Third on the list of Dividend Kings is National Fuel Gas, a diversified energy company. Its largest segment is Exploration & Production, which includes over 800 million cubic feet per day of natural gas production. The company also operates midstream infrastructure such as pipelines and storage facilities. National Fuel Gas also has a downstream business with over 700,000 utility customers.
National Fuel Gas is a rare example of a stable and consistent energy stock. The energy industry is notoriously cyclical, particularly when it comes to exploration and production activities that rely on the underlying commodity price. As a result, National Fuel Gas is the only energy stock on the list of Dividend Kings. It is also among the highest-yielding Dividend Kings, with a solid 3.5% current yield.
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4. Genuine Parts Company (GPC)
Genuine Parts Company got founded in 1928, and since that time, it has grown into a sprawling conglomerate that sells automotive and industrial parts, electrical materials, and general business products. Further, Genuine Parts’ flagship business is its NAPA automotive parts stores.
The company has a long history of steady growth. In its 93 years as a company, sales and profits have increased in 87 and 76 years, respectively.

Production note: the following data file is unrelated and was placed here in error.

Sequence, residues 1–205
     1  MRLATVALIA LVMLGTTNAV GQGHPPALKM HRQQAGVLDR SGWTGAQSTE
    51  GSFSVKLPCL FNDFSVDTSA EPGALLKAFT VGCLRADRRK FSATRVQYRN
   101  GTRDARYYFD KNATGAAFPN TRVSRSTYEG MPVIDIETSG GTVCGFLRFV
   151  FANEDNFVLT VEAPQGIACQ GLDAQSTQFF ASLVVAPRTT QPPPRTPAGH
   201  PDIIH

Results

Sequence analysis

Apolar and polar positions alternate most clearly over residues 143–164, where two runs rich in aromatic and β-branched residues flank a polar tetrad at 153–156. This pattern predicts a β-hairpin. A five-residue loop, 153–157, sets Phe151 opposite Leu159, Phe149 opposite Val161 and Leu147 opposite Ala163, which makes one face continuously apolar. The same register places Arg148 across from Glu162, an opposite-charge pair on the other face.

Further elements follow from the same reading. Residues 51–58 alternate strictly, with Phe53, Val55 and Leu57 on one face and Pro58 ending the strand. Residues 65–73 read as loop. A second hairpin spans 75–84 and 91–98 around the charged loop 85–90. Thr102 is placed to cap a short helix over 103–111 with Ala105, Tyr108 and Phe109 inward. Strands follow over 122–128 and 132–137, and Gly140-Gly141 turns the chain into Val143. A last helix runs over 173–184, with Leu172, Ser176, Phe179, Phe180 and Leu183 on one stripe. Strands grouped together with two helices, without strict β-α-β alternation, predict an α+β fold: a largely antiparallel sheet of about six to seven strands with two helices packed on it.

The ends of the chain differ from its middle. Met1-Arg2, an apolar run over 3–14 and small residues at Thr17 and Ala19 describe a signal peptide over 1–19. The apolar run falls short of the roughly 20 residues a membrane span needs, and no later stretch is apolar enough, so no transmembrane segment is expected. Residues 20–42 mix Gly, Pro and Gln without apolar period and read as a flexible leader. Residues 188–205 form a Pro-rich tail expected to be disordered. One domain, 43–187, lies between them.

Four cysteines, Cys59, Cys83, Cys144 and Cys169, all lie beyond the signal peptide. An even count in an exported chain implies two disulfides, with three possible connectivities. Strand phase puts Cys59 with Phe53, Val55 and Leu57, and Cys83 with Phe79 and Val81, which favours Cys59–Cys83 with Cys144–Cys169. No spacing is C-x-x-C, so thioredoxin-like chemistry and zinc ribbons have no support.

Genuine Parts expects to pay a cash dividend of $3.26 per share for 2021, representing a 3% increase from 2020. Further, it means 2021 will be the company’s 65 consecutive years of paying increased dividends, which gives it one of the longest streaks among the Dividend Kings. Shares currently yield 2.5%.
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5. Procter & Gamble (PG)
Procter & Gamble is fifth on our list of dividend kings. P&G is a consumer products giant. Notable brands include Pampers, Tide, Bounty, Charmin, Gillette, Crest, and more. Moreover, the company generated $71 billion in sales in fiscal 2020.
Such an extensive portfolio of top brands has allowed P&G to reward its shareholders for decades. P&G has paid a dividend for 131 years and has increased its dividend for 65 consecutive years.
P&G’s dividend growth rate has accelerated in recent years thanks to its renewed focus on efficiency. In addition, P&G divested multiple slow-growth brands over the past five years. Significant divestments include the sale of Duracell to Warren Buffett’s Berkshire Hathaway (BRK.B) and a collection of over 40 beauty brands to Coty (COTY).
These efforts unlocked higher profit margins and, therefore, higher dividend increases. For example, the most recent annual raise was a 10% hike. Shares currently yield 2.6%.
6. Johnson & Johnson (JNJ)
Johnson & Johnson is the largest U.S. healthcare company, with a market cap above $400 billion and over $80 billion in annual sales. J&J has a diversified business model across pharmaceuticals, medical devices, and consumer health products. The company has 28 individual platforms or products that each generates over $1 billion in annual revenue.